• Alan Hall

The Politics of Abortion

Updated: Mar 14, 2020

When talking with voters, I prefer to discuss the danger of criminalizing abortion, rather than about a woman’s right to choose. I do support a woman’s right to choose, but I’m not going to support it after it no longer exists.”

Trump and McConnell have, by the installation of Gorsuch and Kavanaugh, already done their damage. I anticipate that Roe v. Wade will be overturned sometime this year, and if not this year, then almost certainly next year.

What will happen then?

The Sanctity of Life crowd, of course, thinks that it has the answer. They assume that we will just go back to the era before Roe, where abortionists were prosecuted and women weren’t, and that everything will be hunky-dory. They are gravely mistaken. The future War on Abortion, if we allow it to occur, will be much worse than the War on Drugs.

What about the Choice advocates? What is their plan? My impression, regrettably, is that most of them don’t have a plan, beyond putting ever more energy into marching, demonstrating, and protesting in favor of a woman’s right to choose; all of which, post-Roe, will be useless and impotent. It won’t persuade the Supreme Court to resurrect Roe. It won’t persuade three-fourths of the states to ratify a formal amendment to the federal constitution. And although an amendment to the New Mexico constitution is much more plausible, it is a very risky move---desperate, almost.

So instead of emoting over the loss of Roe, we need to ask, like any competent general, “What is the defensible position to which we can retreat?” An army can do a lot of retreating and still win a war, if the retreat is handled well. That was the French experience in World War I. But a rout (the French experience in World War II) is very different.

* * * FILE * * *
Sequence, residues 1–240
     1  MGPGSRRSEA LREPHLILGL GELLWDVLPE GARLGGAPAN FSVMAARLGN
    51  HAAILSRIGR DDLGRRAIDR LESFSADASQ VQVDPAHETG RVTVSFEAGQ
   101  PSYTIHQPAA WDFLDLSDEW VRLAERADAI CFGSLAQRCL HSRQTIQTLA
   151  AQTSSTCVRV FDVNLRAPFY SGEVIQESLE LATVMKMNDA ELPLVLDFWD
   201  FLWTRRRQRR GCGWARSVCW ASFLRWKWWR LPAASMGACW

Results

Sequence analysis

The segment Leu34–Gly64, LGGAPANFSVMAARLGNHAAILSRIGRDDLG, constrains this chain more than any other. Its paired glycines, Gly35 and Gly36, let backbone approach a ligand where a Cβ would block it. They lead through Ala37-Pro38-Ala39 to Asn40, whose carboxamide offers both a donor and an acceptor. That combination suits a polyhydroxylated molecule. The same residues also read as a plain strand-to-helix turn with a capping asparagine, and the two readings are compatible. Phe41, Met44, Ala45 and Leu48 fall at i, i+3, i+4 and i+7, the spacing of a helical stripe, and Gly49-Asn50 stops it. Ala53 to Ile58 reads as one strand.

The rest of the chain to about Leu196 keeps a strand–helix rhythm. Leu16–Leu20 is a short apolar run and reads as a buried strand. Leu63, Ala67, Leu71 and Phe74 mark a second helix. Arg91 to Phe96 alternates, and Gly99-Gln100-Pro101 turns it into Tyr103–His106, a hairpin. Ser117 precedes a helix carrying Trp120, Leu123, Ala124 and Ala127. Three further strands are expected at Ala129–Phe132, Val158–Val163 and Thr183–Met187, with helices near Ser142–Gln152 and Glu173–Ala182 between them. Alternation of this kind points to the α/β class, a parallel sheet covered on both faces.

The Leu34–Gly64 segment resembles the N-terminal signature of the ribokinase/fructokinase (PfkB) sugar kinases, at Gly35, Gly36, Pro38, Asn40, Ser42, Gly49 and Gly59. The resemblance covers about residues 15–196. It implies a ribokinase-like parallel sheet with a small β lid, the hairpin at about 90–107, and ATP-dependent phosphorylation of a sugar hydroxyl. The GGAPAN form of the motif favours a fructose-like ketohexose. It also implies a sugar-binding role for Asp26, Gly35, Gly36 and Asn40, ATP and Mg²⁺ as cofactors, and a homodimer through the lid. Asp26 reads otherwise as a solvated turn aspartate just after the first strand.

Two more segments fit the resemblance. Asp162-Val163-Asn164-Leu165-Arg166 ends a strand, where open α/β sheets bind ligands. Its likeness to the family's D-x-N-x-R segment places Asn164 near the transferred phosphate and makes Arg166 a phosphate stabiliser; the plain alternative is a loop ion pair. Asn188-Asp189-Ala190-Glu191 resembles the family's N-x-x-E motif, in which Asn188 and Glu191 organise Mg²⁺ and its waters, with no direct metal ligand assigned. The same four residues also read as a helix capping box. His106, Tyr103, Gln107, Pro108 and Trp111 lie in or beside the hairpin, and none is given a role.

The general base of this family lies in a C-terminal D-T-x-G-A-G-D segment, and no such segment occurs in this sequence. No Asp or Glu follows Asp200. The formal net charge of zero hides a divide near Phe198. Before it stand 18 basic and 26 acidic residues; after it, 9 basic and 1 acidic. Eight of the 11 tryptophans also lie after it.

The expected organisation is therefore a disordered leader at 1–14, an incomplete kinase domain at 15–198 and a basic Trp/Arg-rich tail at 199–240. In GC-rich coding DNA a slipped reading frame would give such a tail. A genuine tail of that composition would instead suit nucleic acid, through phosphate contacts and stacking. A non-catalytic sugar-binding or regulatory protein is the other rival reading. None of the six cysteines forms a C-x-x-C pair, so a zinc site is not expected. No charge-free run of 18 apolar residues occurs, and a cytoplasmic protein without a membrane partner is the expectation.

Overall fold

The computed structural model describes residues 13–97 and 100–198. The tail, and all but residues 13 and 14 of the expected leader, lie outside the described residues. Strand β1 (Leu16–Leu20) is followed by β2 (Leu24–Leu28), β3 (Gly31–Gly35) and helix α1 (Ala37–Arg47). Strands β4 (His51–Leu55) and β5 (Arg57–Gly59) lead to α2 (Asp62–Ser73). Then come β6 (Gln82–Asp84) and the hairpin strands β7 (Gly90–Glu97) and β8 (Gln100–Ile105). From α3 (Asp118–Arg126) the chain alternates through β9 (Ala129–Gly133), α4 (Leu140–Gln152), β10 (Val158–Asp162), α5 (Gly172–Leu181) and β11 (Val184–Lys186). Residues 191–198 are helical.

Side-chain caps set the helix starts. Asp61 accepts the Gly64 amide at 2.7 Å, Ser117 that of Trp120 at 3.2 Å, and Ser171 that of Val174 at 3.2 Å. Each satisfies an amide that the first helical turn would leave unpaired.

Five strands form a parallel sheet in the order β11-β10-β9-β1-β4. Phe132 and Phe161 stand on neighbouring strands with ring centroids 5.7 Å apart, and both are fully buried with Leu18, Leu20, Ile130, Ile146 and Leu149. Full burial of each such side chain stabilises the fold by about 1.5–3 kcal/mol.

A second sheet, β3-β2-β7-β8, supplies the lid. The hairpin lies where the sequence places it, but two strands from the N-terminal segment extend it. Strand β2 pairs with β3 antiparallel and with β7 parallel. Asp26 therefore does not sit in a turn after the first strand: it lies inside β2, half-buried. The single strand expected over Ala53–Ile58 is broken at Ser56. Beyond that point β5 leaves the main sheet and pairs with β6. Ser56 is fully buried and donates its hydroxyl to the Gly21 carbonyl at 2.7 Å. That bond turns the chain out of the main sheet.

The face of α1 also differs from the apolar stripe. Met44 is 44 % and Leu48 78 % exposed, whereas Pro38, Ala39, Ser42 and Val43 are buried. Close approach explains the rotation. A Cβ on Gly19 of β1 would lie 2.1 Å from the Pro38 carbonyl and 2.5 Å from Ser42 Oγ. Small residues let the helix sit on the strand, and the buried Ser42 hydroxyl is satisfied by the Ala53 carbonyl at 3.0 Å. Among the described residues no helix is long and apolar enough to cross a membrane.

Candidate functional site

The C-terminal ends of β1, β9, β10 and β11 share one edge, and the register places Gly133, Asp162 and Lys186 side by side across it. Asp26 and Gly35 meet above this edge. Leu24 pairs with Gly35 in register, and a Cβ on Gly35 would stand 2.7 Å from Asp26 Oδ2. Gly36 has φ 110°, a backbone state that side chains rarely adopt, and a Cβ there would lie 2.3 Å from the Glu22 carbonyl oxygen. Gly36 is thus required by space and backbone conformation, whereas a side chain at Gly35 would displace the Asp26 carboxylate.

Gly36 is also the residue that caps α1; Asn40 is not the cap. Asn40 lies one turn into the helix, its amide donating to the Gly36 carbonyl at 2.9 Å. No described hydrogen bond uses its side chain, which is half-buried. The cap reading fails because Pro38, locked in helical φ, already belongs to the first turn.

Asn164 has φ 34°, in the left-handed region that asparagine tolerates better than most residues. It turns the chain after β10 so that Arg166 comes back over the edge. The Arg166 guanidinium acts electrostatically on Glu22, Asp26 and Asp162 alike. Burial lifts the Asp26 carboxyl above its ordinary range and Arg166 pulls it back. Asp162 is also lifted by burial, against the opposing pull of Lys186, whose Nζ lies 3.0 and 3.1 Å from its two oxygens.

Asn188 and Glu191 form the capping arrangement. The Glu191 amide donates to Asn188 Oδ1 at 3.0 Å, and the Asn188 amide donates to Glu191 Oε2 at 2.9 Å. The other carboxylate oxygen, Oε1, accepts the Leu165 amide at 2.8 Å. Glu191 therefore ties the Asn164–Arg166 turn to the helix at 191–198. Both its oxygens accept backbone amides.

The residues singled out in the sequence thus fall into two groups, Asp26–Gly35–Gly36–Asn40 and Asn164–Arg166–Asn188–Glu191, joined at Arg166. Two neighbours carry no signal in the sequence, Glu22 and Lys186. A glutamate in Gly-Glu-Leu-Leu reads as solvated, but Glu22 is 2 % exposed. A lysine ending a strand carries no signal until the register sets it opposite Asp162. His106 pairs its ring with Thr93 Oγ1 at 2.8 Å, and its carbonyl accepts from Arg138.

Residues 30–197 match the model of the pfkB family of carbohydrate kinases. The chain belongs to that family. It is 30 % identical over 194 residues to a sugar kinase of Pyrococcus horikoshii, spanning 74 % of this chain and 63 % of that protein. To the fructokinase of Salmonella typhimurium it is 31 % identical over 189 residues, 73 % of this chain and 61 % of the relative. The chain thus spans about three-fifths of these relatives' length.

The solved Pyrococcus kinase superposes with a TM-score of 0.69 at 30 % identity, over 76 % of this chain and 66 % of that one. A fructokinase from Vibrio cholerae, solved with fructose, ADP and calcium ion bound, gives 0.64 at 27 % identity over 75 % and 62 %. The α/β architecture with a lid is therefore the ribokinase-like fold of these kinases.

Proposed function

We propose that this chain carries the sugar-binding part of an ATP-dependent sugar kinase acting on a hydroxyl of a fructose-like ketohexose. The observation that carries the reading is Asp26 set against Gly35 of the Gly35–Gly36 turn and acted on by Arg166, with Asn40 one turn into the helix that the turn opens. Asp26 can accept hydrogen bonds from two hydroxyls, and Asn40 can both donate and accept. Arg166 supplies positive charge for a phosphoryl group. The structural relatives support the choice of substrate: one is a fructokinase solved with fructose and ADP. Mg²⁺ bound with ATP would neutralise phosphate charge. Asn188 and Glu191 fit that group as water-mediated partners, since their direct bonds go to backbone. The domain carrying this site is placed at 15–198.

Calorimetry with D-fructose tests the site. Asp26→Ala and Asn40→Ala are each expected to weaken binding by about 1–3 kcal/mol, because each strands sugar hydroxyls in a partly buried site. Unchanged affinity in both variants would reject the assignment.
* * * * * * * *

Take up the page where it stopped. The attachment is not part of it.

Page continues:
The real plan should be to concentrate on opposition to the criminalization of abortion. If we are successful in that, then, on a practical level, we won’t have lost anything. We may not have the “right” to abortion, but we will still have (in New Mexico and other Blue States) the same access.

This requires us, however, to reach out to voters who have moral concerns about abortion, but who are not anti-abortion fanatics. The fanatics are disturbing, but they are a minority. Most people

who oppose abortion really don’t want criminalization; not when they are persuaded to consider what it would really involve. And make no mistake: we need the votes of those people. The only reason that Trump is President is because of the support of religious persons who would never have voted for an ignorant, bigoted, irreligious lout if it haven’t been for his abortion stance. We don’t need to compromise our principles, but we need to reach out to those people. They only want a little respect as a precursor to listening.

This obligates us to resurrect a long-abandoned slogan: “Keep abortion legal, safe, and rare.” That last word is a tacit acknowledgment of the moral element in abortion, and its deletion was a grave political error. The modern slogan, “Abortion is healthcare”, which essentially denies any moral considerations, is simply infuriating to a significant portion of the electorate. It is infuriating because there obviously is a moral component to abortion. We deny that at our peril.

Those of us who wish to see abortion remain legal should consider ourselves as defenders of a besieged medieval city. There are many historical instances in which the attackers were defeated because, after breaching the city wall at great cost and effort, they found themselves facing a second wall that the defenders had built just inside the breach. The time to build the secondary wall, however, is not when the primary wall has just collapsed. That’s a bit late.

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